Mail from our readers
While it is an honor to be named to Entertainment Weekly‘s Power 101 list (#142, Oct. 30), it is important to make a distinction between VQT (Viewers for Quality Television) and the other ”television watchdogs” listed together. Viewers for Quality Television never boycotts, and it does not ”lobby.” Rather, VQT educates and informs viewers on how to have a voice, while it strives to make the networks and producers of prime-time television accountable for quality (i.e., intelligent, thought-provoking, interesting, illuminating) content. We ”watch,” but we don’t ”dog.” But thank you for noticing.
President and Founder, Viewers for Quality Television, Inc.
Fairfax Station, Va.
Regarding your most-powerful-people-in-Hollywood issue, you have forgotten one big name. Howard Stern is a powerful person who rules the airwaves, TV, and soon movies. Stern is not ”King of All Media” for nothing. I like your magazine, and keep up the good work.
David Lynch’s power, in the U.S. at least, may have fallen, but his, or for that matter, Twin Peaks cocreator Mark Frost’s, talents have not. The public continues to have the most and least power, as well as the best and worst taste.
This letter is to clarify some points in the ”Fallen” section. For the past two years the Emmy ratings on Fox have been high, and this year we ranked fifth. While it is easy to describe some of the categories as ”senseless,” there are many factors involved. With over 7,000 members and 25 peer groups, it is a monumental undertaking to hear all sides and try to give equanimity to everyone. As to the show’s length, content, and production values, I can assure you that there will be many changes made next year, and we look forward to your judgment of our efforts at the time. Finally, after 44 years, Emmy remains the most prestigious and coveted international award for television excellence. Just ask anyone who has won one.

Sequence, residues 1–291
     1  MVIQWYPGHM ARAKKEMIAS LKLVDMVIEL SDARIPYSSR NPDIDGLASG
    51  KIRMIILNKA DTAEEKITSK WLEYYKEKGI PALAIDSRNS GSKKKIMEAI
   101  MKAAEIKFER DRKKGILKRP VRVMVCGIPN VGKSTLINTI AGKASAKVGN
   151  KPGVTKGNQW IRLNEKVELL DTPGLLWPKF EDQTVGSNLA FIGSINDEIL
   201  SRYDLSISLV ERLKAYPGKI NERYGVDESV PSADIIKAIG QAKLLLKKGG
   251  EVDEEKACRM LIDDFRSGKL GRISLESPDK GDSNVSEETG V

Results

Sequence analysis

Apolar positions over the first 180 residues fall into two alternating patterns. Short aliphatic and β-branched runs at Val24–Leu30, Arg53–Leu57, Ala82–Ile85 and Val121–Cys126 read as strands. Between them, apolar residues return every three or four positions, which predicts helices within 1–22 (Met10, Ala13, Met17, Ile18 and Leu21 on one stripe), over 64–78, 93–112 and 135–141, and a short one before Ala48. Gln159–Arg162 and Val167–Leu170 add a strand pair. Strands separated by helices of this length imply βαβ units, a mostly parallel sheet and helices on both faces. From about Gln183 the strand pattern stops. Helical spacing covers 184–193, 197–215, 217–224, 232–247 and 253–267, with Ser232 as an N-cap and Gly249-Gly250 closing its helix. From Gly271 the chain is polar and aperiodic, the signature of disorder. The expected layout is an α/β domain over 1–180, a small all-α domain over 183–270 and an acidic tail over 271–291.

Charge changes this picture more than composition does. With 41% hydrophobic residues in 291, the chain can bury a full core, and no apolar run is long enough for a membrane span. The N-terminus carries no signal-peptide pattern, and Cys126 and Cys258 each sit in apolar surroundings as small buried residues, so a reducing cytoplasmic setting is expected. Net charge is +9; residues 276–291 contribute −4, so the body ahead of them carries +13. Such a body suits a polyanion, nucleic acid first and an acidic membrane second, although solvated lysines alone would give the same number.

President, Academy of Television Arts and Sciences
North Hollywood, Calif.
Boy, did you miss the boat in your issue of the 101 most influential people. You missed No. 1 completely — Us. The Consumer. If we don’t go to it, see it, listen to it, read it, or buy it — irrespective of what reviews and pundits say — it’s a failure. The rankings of movies and music, the salaries of stars, the commercial revenues, the space on a bookshelf are all based ultimately on our whims. We have the power to raise heroes one day and turn them into goats the next. The real blockbuster successes in entertainment come from finding out what’s going to interest us next. We’re waiting. Your top 10 understand this very well, as does virtually everyone else in the entertainment industry.
Correction: In our Critical Mass chart (#143), we incorrectly listed one of the reviewers. Jami Bernard of the New York Post, not Carrie Rickey of The Philadelphia Inquirer, was the critic.